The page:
In the early-morning hours of April 27, 1913, a night watchman at a pencil factory in Atlanta was startled when his lantern shone upon the mutilated, lifeless body of a girl who had been in the company’s employ. She was 13-year-old Mary Phagan, and her murder became one of the most sensational crimes of the era. It also sparked what has been described as perhaps the most vicious episode of anti-Semitism in U.S. history: the lynching of Leo Frank, the factory’s Jewish superintendent.

The historian Leonard Dinnerstein, who has died at 84, distinguished himself as an authority on the event with his doctoral dissertation, first published as “The Leo Frank Case” in 1968. His subsequent volumes, among them “Anti-Semitism in America” (1994), established him more broadly as a scholar of that ancient prejudice — its roots, its flare-ups and the ways in which it has been overcome, or not, in modern-day America.

Dr. Dinnerstein, a professor for more than 30 years at the University of Arizona, where he helped build the Judaic studies program, died Jan. 22 at his home in Tucson. The cause was renal failure, said his daughter, Julie Dinnerstein.

Dr. Dinnerstein, the son and grandson of Jewish immigrants from Eastern Europe, said he grew up “on the cusp” — after the generations of Jews who fled to America from the pogroms and before those for whom such events existed only in the distant past.

“The older the person is, the more likely he or she will believe that the Jew is other, that he is outside the mainstream and that he can’t trust gentiles,” the Jewish News of Greater Phoenix quoted him as saying at a 1998 symposium. He described Jews as existing “on the edges of Christian society,” endeavoring to “do the right things to make them think well of us.”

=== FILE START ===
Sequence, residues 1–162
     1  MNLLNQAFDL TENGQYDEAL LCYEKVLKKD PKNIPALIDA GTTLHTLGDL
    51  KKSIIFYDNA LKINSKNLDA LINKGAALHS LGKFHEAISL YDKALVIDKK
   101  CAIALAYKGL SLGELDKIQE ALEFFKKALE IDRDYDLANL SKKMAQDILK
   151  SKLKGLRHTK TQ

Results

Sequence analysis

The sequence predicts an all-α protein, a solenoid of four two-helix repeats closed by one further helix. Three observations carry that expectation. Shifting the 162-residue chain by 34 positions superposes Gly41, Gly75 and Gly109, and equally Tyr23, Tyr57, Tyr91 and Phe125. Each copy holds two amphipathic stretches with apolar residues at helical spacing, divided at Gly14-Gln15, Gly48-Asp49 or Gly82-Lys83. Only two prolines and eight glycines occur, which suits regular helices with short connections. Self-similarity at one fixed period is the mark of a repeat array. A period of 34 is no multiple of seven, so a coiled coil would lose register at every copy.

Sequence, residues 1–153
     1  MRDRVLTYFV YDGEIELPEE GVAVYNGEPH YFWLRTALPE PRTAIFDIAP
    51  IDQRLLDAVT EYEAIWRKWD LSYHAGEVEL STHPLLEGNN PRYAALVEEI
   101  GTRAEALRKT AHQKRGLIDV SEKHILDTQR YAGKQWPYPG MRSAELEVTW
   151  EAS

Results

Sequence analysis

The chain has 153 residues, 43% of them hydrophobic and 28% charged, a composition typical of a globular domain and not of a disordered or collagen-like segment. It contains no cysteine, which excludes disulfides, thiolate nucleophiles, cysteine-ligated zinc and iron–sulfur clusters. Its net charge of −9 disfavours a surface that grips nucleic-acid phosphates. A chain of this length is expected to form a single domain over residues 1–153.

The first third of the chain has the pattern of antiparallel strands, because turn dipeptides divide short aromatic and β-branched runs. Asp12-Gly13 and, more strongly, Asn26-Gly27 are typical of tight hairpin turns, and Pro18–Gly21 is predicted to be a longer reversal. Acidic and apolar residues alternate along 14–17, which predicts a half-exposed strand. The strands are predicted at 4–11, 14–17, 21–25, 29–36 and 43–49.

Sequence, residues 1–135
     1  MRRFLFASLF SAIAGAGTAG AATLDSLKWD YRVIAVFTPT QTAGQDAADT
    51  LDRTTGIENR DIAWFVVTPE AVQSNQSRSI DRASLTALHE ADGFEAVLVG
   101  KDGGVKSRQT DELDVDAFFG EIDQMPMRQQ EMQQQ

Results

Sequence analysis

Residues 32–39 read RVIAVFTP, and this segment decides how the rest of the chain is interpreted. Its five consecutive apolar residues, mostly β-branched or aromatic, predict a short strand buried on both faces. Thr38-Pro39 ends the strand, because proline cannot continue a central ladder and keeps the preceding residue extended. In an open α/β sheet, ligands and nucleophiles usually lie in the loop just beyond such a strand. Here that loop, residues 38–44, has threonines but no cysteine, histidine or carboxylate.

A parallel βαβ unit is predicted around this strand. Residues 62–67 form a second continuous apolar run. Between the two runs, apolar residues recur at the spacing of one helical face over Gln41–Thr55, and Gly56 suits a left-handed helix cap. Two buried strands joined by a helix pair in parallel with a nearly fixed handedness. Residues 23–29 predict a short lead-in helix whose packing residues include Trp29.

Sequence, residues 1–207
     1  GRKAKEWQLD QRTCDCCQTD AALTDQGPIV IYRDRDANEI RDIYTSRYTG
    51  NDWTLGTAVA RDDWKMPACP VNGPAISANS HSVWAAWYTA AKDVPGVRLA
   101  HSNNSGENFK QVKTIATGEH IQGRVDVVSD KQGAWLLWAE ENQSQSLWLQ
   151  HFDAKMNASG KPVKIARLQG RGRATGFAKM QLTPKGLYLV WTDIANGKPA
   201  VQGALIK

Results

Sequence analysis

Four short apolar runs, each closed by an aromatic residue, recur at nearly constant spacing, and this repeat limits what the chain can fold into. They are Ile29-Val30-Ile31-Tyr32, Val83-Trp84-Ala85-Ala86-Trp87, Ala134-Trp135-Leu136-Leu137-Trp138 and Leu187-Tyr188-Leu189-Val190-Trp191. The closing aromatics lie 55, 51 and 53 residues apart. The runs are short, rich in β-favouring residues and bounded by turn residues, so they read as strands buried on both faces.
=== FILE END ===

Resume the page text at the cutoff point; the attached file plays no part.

He said he stumbled unwittingly into the Frank case as a doctoral student. He was considering devoting his dissertation to the ongoing civil rights movement but felt his curiosity piqued when an acquaintance remarked to him, “Remember, the Jews were involved in civil rights before it became a Negro issue.”

A friend who was writing about the American Jewish Committee, an advocacy group founded in 1906, suggested that he pursue the Frank case.

“At the time I thought that I was exposing an injustice that occurred in the United States during the Progressive era,” he reflected years later, in a 2008 preface to a revised version of his work. “I simply hoped [it] would be published; I had no way of knowing the impact that it would have on scores of students and general readers as well as the contribution it would provide to the development of a more professional analysis of the American, and especially the Southern, Jewish past.”

Phagan’s murder, Dr. Dinnerstein wrote, fanned the embers of Southern resentment at the increasingly industrialized economy, the exploitation of workers and the Northerners whom they perceived as responsible for it. Despite meager evidence brought against him at his trial — where crowds gathered outside shouting “Kill the Jew” — Frank was sentenced to death.